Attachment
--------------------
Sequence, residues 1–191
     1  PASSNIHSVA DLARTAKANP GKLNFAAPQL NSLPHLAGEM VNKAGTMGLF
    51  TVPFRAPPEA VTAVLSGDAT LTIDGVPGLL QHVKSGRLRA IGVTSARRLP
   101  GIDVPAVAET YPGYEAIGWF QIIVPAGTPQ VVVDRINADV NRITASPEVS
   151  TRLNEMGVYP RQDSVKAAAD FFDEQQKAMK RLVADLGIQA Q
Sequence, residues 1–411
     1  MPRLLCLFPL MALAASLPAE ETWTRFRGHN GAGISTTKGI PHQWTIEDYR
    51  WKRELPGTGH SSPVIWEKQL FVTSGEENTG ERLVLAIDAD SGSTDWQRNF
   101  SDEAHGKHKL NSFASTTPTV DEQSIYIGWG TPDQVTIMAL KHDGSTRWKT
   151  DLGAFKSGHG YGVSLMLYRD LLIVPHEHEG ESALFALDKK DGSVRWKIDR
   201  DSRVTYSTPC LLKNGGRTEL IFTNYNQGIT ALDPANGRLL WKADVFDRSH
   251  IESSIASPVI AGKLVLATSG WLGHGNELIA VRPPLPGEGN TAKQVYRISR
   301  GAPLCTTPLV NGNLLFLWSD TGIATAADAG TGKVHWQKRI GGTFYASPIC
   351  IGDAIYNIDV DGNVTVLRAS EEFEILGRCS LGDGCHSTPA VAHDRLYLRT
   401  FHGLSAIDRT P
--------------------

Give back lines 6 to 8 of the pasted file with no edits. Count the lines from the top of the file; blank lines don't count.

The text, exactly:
Sequence, residues 1–411
     1  MPRLLCLFPL MALAASLPAE ETWTRFRGHN GAGISTTKGI PHQWTIEDYR
    51  WKRELPGTGH SSPVIWEKQL FVTSGEENTG ERLVLAIDAD SGSTDWQRNF